Thursday, January 20, 2011


Life in Haiti is far from being back to normal. There are still tent cities everywhere you look, though there have been buyouts going on recently, where people are given a sum of cash to leave the tent city. There are still destroyed buildings, some of which look as though nothing at all has been done to them since January 12th.

And yet, there seems to be a new normal, the new normal everyone was talking to me about this time last year. They said that Haiti would find it, and that so would I.

Haiti's new normal isn't acceptable. People can't continue to live this way indefinitely, and yet that is exactly what I fear will happen.

But in my own life, I am definitely starting to see a new normal. I commented to a friend yesterday that I am getting annoyed with my students again, and that in a strange sort of way, this feels like progress. I'm getting back to normal.

Of course, getting back to normal is both a good thing and a bad thing. It's a good thing because nobody can live forever on the kind of intensity that I've been experiencing to varying degrees since January 12th, 2010. The deep pain, grief, and loss were devastating, and the deep love, joy, and gratitude were wonderful, but at both extremes, the strong emotions were exhausting. A couple of times I used the image of a sunburn - that's how it felt, that extra sensitivity to everything because your skin is burned.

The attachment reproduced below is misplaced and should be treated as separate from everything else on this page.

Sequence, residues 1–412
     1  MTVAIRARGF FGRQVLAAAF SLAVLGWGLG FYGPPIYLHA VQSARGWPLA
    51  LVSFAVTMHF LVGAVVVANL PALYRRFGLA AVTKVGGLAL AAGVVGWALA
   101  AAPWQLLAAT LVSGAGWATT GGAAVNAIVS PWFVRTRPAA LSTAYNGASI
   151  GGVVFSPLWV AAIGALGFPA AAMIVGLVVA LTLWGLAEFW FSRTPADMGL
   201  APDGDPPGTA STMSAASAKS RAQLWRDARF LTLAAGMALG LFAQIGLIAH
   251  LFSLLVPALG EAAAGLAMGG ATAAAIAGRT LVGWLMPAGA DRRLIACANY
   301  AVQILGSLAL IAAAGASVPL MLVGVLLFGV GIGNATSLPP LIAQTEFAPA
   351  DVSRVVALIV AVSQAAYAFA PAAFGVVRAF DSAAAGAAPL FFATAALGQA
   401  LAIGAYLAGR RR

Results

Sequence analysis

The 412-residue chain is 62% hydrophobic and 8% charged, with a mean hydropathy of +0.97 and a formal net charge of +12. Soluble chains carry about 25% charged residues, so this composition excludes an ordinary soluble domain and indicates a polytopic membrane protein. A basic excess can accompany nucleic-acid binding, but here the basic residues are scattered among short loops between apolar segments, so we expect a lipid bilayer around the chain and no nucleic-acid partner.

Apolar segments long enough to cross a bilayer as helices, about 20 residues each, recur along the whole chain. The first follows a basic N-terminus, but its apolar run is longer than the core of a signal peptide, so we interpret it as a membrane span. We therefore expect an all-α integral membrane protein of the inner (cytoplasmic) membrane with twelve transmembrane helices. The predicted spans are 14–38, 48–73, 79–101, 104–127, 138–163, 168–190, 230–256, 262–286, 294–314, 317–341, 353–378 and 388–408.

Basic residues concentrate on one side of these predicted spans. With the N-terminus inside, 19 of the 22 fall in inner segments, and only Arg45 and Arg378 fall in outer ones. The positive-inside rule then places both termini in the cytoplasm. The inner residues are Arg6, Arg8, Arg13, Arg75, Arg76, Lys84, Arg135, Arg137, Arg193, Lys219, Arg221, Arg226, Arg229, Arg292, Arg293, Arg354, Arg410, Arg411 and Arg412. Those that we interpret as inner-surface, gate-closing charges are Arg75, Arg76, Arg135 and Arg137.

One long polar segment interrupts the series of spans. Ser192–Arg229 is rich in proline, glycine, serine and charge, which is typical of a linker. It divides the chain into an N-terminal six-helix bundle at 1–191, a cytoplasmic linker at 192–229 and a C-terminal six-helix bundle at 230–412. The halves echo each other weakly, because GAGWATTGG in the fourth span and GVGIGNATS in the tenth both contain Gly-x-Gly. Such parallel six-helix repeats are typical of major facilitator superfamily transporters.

And, of course, it's a bad thing - this getting back to normal - because I don't ever want to forget completely the huge appreciation for everyone and everything that I have experienced since the earthquake, the intense awareness of pain and suffering around me, the deepened love for the people God has put in my life. I want my new normal to include the lessons that the earthquake taught me, that life can be gone in a second, that we should let others know what they mean to us every chance we get, that God is very near.

Ordinary. I longed for it last winter. I appreciate it still. But it has to be a new normal. I can't ever forget that the earth can move, that life is heart-breakingly precious, that people are there to be loved.

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